Failure from "over-tightening" is caused by repeated re-tightening of properly installed cranks. In use, an aluminum crank squirms on its taper and, because the retaining bolt prevents it from moving off the taper, it elbows itself away from the bolt and up the taper ever so slightly. The resulting loss of preload, after hard riding, can be detected by how easily the bolt can be turned.
Loss of crank bolt preload is greater on left than the right cranks, because left cranks transmit torque and bending simultaneously while right cranks transmit these forces separately. The left crank transmits driving torque through the spindle to the right crank and chainwheel while the right crank drives the chainwheel directly. Besides that, the right crank transmits torque to the spindle only when standing on both pedals. Doing this with the right foot forward (goofy footed) is the only time the spindle transmits reverse torque.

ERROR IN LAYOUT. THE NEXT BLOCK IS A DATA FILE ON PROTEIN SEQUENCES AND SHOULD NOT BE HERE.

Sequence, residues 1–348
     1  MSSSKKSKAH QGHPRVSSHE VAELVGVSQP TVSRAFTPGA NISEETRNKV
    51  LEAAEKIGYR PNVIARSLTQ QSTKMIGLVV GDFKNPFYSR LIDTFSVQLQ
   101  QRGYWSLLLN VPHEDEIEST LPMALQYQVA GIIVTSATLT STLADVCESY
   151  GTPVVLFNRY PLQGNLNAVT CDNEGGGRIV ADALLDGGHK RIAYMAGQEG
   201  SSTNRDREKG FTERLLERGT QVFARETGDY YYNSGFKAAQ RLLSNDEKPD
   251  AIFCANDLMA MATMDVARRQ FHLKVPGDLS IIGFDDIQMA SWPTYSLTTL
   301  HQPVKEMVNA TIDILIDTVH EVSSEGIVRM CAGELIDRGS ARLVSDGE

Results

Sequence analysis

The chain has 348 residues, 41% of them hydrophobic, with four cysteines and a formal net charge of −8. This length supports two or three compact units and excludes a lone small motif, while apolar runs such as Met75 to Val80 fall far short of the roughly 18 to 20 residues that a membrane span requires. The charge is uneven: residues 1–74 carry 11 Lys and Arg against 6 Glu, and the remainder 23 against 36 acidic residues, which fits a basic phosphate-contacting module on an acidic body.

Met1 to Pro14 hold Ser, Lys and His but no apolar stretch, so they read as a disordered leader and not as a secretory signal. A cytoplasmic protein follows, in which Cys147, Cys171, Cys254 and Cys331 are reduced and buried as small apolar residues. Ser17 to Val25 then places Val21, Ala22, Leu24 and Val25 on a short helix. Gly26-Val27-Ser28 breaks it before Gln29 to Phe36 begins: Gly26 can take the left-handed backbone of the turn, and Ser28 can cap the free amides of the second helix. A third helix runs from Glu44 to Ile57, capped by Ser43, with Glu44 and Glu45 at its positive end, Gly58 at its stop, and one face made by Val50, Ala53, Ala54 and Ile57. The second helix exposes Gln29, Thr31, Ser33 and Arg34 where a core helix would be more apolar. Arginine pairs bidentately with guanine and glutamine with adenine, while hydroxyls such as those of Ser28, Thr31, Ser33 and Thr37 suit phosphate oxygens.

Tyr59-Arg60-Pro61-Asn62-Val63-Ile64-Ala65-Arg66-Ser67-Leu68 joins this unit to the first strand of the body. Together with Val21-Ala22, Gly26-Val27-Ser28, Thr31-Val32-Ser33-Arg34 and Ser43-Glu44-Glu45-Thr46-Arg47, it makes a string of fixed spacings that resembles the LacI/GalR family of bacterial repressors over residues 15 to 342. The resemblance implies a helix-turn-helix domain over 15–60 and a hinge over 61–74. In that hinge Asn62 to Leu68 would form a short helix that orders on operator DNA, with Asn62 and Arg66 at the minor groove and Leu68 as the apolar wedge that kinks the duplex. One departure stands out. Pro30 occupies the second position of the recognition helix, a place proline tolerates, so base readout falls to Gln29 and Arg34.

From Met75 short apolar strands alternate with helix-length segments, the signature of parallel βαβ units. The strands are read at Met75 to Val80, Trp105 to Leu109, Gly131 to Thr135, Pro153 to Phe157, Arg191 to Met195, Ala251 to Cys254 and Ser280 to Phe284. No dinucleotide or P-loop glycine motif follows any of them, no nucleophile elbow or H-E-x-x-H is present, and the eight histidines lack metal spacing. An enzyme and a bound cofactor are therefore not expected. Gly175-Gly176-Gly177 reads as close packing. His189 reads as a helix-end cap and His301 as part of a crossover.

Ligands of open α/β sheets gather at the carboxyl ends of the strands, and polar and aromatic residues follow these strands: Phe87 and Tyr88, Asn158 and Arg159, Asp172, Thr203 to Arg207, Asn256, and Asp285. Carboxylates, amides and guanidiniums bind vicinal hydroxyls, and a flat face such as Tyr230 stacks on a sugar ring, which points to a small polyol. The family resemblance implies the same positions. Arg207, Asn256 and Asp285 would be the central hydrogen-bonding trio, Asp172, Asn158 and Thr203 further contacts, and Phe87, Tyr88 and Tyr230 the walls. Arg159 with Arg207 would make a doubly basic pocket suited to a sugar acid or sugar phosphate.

Mechanics, unaware of why crank bolts lose preload (and commensurate crank tightening), have re-tightened bolts until cranks split. No warnings against re-tightening properly installed cranks are evident although it is here where the warning should be directed rather than at lubrication.